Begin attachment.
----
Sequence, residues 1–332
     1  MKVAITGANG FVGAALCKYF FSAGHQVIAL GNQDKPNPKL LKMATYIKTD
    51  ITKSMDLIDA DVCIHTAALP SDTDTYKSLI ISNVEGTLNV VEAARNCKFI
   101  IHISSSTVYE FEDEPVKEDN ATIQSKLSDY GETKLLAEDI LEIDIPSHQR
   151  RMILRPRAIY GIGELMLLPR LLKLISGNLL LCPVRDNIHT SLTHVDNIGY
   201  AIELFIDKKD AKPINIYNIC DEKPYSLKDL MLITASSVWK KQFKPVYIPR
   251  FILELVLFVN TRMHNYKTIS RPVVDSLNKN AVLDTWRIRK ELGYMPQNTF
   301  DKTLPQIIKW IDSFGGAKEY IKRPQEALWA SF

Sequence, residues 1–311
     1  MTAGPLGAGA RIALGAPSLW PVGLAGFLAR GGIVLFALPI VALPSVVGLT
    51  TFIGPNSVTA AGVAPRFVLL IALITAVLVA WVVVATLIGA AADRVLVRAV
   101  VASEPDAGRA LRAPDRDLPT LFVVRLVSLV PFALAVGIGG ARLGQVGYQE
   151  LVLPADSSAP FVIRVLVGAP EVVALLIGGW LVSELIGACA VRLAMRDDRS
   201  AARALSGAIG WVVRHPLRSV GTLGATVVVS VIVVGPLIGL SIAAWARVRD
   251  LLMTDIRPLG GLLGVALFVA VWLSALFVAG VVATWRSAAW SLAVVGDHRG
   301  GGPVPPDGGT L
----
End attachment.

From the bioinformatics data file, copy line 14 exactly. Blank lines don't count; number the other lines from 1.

   201  AARALSGAIG WVVRHPLRSV GTLGATVVVS VIVVGPLIGL SIAAWARVRD